Shipments travelling to and from any country outside of the European Union undergo customs, which in some instances can mean paying additional customs clearance costs such as taxes and duties. Even though shipments travelling Europe are not subject to customs fees, there may be some exceptions. Additionally, goods that travel from abroad, outside of the EU undergo customs duties and charges, even if they are declared gifts. Find out everything you need to know about taxes, customs procedures, the required documentation and how to calculate the declared value of goods.
DUTIES AND TAXES
The European Union is a customs-free zone. Goods produced in member states of the EU, or any other country with specific contracts for free circulation of goods, will not be subject to customs charges. In most cases, when shipping within the European Union, there are no additional customs clearance fees.
Different rules may apply to goods subject to a state monopoly, which is the case with alcoholic beverages and tobacco products. Depending on the local legislation, some goods may be forbidden to leave or enter a specific country.
Shipments entering from non-EU countries to the EU may be subject to additional charges. There are several cases in which one may be exempted from payment of customs duties for your international shipping during the customs clearance procedures on your international parcel:
You pay for VAT and customs duties on some international parcels for specific goods when shipping outside of the EU. Every country has distinct and different regulations, so we advise you to check in detail with the importing and exporting countries.
When shipping internationally, the declared value of the goods is essential for the customs officers when imposing customs duties. It depends on the country regulations, but in general, when shipping internationally, the declared value for customs is calculated based on the following methods:
However, we advise you to check this in detail with the selected country. Some costs may be added or deducted from the customs value of the product, and this depends on each case specifically.
The declared value for carriage is computed from the value of the shipment. It serves as a basis for imposing freight charges, which is generally not amounted to the same and is lower than the declared value for customs.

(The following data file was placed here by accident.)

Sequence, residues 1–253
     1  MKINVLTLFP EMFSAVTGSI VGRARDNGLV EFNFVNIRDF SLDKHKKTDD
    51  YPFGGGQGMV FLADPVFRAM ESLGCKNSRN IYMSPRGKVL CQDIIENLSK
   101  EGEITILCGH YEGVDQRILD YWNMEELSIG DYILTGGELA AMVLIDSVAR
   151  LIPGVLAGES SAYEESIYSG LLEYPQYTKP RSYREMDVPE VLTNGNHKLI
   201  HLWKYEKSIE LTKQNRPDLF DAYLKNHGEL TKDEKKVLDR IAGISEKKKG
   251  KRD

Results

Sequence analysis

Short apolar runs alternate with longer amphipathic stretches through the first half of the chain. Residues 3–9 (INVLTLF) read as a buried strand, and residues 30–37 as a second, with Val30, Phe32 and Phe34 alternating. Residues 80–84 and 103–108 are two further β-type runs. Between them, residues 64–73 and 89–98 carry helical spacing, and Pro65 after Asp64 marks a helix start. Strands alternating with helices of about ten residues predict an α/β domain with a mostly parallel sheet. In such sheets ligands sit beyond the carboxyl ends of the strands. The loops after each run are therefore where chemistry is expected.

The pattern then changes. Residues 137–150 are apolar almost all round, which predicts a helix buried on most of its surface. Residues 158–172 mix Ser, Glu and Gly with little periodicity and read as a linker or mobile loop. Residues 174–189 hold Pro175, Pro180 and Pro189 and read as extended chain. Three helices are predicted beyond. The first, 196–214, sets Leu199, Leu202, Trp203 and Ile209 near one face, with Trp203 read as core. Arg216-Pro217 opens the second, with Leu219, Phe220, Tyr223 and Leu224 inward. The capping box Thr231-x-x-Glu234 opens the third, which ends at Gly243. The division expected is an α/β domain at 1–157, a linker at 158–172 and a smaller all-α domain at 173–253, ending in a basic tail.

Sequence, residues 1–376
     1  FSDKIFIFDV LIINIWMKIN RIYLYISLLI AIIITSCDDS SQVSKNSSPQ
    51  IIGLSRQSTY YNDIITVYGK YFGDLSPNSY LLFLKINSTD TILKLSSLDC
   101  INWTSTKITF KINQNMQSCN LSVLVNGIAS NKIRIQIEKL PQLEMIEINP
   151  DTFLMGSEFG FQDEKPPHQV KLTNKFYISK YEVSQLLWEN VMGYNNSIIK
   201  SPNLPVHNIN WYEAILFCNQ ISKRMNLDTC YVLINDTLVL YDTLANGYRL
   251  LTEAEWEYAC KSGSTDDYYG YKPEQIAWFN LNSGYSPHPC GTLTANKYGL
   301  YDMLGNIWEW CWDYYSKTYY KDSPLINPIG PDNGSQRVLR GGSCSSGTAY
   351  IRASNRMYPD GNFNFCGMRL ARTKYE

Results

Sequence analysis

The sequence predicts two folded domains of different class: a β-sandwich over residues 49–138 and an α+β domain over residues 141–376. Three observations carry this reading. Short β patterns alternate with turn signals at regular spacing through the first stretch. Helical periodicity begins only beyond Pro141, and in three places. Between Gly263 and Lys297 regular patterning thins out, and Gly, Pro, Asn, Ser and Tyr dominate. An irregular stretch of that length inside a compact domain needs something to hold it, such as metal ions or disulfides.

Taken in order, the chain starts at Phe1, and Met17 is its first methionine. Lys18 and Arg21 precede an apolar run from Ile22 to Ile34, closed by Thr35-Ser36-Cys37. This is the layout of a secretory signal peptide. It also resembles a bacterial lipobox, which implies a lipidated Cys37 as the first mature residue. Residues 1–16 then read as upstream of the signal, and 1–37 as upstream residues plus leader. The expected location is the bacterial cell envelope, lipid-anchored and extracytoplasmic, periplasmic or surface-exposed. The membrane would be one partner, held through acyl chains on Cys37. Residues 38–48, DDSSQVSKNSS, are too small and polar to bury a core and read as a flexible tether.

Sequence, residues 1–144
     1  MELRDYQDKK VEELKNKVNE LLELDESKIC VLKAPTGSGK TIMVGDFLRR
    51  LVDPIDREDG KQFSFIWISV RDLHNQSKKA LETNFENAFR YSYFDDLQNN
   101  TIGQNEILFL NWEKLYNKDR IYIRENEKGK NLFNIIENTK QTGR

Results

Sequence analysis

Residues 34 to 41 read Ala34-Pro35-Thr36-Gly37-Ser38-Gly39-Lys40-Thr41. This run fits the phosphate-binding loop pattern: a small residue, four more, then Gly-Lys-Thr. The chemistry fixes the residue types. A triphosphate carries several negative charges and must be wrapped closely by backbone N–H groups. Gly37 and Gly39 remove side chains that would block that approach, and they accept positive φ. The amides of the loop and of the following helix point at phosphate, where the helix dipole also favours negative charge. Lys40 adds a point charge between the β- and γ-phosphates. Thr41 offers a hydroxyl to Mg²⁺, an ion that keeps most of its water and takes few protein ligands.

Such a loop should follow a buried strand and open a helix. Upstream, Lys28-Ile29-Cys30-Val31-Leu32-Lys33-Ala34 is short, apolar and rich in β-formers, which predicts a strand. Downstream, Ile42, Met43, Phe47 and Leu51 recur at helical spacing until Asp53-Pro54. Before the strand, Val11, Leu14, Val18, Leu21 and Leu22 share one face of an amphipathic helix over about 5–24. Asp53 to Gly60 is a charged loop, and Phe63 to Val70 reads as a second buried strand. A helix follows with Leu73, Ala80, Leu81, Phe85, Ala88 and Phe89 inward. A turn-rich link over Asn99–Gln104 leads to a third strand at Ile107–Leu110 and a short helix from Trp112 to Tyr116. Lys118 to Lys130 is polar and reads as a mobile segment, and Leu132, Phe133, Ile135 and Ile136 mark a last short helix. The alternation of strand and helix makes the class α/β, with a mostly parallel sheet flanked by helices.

Customs, or the customs duty office, is a national body of the local government whose task is to uphold customs clearance procedures for international parcels. Each country has different regulation systems and if you are shipping outside of the EU, we have compiled a guide on all you need to prepare beforehand!
Exporting outside the EU
European Union – For most countries, you will not have to pay customs duties and VAT for shipping gifts. However, you should check the country’s regulations in more detail before shipping.
Non-European Union – When you are shipping goods marked as gifts from abroad, outside of the EU, different customs duties and charges will apply, based on the specific country. However, each country has its own set of rules for charging customs fees.
When shipping globally, outside of the EU, a proforma invoice, commercial invoice or customs declaration (CN23 or CN22) is required to contain all the necessary information about the content you are sending. You will have to describe the content of the items you are shipping, and you need to be as specific as possible.
The shipment should contain the receiver’s information, which will allow the customs officers to contact the designated person.
Keep in mind that the failure to provide the required documentation for the customs clearance or refusing to pay the applicable fees will result in further delays in the shipping process or in having the goods returned to the sender.
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